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On April 25, 2018, Humility and Conviction in Public Life and CTForum hosted its Midpoint Forum “Talking About Faith and Politics: Navigating our difference with humility and conviction,” at the Wadsworth Atheneum museum in Hartford. With an introduction by Philosopher, Project co-PI, and director of the UConn Humanities Institute Michael Lynch, and moderated by John Dankosky, the editor of the New England News Collaborative, the lively conversation included some of the nation’s leading thinkers about the intersection of religion and politics. The panel, political commentator and former presidential advisor David Gergen, educator and founding director of Resetting the Table, Rabbi Melissa Weintraub, and founding director of the Interfaith Youth Core, Eboo Patel, discussed a wide range of topics from intellectual and religious diversity on college campuses and humility amongst our political leaders, to the type of religious diversity intended by the founding fathers.
“Risky Talk: Public Deliberation Across Deep Divides”
April 19, 4:00-5:30 Babbidge Library, UCHI Conference Room
Rachel Wahl is an assistant professor in the Social Foundations Program, Department of Leadership, Foundations, and Policy at the Curry School of Education at the University of Virginia. She is also a Fellow and member of the Council Trust at UVa’s Institute for Advanced Studies in Culture and an affiliate of the University of Connecticut’s Human Rights Institute. Her research focuses on how state officials respond to human rights efforts to prevent torture as well as on learning through public deliberation between people on opposing sides of political divides.
Jennifer Saul Professor of Philosophy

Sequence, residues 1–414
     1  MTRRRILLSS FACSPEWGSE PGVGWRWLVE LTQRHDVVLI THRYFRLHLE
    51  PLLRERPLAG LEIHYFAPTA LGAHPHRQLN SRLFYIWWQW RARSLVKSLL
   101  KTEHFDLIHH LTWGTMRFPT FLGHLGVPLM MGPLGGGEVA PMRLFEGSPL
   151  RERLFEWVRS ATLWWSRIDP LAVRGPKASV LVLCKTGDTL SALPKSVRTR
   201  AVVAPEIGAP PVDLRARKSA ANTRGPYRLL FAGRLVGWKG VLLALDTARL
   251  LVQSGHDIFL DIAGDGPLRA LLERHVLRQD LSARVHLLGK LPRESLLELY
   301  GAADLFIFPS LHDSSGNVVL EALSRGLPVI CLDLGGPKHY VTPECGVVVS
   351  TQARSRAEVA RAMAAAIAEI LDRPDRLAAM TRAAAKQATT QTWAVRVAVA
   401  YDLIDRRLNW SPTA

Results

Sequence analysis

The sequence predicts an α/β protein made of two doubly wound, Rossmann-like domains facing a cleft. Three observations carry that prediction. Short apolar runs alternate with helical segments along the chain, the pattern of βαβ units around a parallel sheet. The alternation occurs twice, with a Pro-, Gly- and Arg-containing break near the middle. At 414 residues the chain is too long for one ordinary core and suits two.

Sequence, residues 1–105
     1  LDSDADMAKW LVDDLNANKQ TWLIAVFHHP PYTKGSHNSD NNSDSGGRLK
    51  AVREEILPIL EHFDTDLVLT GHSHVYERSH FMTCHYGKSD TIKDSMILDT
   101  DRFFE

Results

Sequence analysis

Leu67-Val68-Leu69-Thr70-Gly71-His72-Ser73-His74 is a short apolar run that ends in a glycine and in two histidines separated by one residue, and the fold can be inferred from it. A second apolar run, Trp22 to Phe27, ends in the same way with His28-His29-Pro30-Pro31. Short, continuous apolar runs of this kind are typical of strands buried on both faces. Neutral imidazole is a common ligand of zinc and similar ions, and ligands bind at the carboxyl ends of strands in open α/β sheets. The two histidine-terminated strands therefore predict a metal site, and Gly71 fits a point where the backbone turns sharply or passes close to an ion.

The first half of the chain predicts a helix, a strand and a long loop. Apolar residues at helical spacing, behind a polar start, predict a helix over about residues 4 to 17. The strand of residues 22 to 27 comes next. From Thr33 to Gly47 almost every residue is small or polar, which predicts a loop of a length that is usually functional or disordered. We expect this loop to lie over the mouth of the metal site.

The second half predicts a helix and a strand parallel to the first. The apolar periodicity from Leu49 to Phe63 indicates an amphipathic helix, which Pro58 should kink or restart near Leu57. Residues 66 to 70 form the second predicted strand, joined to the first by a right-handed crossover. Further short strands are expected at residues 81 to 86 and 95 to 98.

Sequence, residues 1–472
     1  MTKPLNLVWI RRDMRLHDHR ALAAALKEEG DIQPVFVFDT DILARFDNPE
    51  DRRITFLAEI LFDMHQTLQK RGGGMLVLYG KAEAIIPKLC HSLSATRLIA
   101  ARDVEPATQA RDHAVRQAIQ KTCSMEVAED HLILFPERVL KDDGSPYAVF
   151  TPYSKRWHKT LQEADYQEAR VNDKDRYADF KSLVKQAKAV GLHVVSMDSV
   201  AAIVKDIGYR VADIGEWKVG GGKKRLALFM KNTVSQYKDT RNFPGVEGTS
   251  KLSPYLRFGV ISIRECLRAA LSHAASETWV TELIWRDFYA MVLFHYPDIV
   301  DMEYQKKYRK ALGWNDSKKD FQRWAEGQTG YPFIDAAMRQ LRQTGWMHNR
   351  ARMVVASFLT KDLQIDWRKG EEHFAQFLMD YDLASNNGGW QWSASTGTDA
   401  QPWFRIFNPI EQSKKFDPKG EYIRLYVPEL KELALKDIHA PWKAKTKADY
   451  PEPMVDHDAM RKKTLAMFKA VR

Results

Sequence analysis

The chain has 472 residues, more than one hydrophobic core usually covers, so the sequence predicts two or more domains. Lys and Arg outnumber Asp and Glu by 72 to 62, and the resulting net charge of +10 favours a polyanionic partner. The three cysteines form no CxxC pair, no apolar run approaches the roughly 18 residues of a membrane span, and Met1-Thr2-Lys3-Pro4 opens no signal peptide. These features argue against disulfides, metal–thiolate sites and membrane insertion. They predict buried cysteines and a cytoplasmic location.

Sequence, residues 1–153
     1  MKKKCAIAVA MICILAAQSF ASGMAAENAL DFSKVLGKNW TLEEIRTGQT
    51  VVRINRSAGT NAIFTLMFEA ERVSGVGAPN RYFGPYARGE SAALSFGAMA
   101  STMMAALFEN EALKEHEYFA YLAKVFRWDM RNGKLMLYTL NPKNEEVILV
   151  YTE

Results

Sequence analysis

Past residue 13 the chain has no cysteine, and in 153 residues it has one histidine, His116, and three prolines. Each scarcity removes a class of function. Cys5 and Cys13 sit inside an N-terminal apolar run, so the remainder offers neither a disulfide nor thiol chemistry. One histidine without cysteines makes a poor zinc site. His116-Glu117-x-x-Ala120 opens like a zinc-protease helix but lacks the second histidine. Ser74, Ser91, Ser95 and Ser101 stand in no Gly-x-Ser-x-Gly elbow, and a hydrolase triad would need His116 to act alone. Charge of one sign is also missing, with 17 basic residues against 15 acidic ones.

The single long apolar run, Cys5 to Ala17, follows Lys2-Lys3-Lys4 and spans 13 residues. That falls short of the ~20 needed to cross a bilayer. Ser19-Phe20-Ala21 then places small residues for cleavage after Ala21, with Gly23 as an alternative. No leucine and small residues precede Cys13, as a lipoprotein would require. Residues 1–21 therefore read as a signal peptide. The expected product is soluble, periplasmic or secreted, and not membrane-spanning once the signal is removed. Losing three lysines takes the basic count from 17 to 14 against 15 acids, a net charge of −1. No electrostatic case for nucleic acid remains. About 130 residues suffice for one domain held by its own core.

“Dogwhistles and Figleaves: Techniques of Racist Linguistic Manipulation”
April 5, 4:00-5:30 Babbidge Library, UCHI Conference Room
Jennifer’s primary interests are in Philosophy of Language, Feminism, Philosophy of Race, and Philosophy of Psychology. Her most recent book was Lying, Misleading and What is Said: An Exploration in Philosophy of Language and in Ethics (Oxford University Press 2012). Currently, she is working on racism in political speech. In 2011, she received the 2011 Distinguished Woman Philosopher Award in Washington, DC; she has also been chosen as Mind Association President for 2019-20.
Abstract: Until recently, it was widely believed that explicit expressions of racism would doom a political candidacy in the United States. Yet nonetheless racism was a frequently used tool that won many elections. This talk examines one of the methods, the dogwhistle, that allowed such racist electoral victories. It then turns to the present day, in which explicit racism is proving remarkably successful. Here I explore a different linguistic technique, the fig leaf, which I take to have enabled this success.
“Your Attention Please! (The Ethics of Address)”
March 26, 4:00-5:30 Babbidge Library, Heritage Room (4th Floor)
Sandy Goldberg (PhD Columbia University, 1995) works in the areas of Epistemology, Philosophy of Language, Philosophy of Mind. Goldberg’s interests in Epistemology include such topics as reliabilism, the epistemology of testimony, the theory of epistemic justification, social epistemology, self-knowledge, and skepticism. In the Philosophy of Mind and Language, his interests center on the individuation of the propositional attitudes, externalist theories of mental content and linguistic meaning, the semantics of speech and attitude reports, and speech act theory. A good sample of his work can be found in his four recent books, Anti-Individualism (Cambridge University Press, 2007), Relying on Others (Oxford University Press, 2010), Assertion (Oxford University Press, 2015), and To the Best of Our Knowledge (Oxford University Press, 2018).
There are various ways through which we try to capture another person’s attention. One of these ways – a particularly sophisticated way! – is to address them. After trying to highlight what it is to address another person, I argue that doing so generates a reason (for you, as addressee) to attend to the act. When the act of address is a speech act, matters are further complicated by the expectations parties bring, and (I argue) are entitled to bring, to an (anticipated) speech exchange. The upshot is that speakers who address an audience have a defeasible claim on the audience’s attention. To fail to attend to a speaker who addresses you and whose claim on your attention is not defeated, I argue, is to disrespect her as a rational subject. That this is an underexplored topic in social epistemology is unfortunate, since if I am right addresses form the foundation of most, if not all, attempts at joint action, including those that arise in the course of our attempts to share information with one another.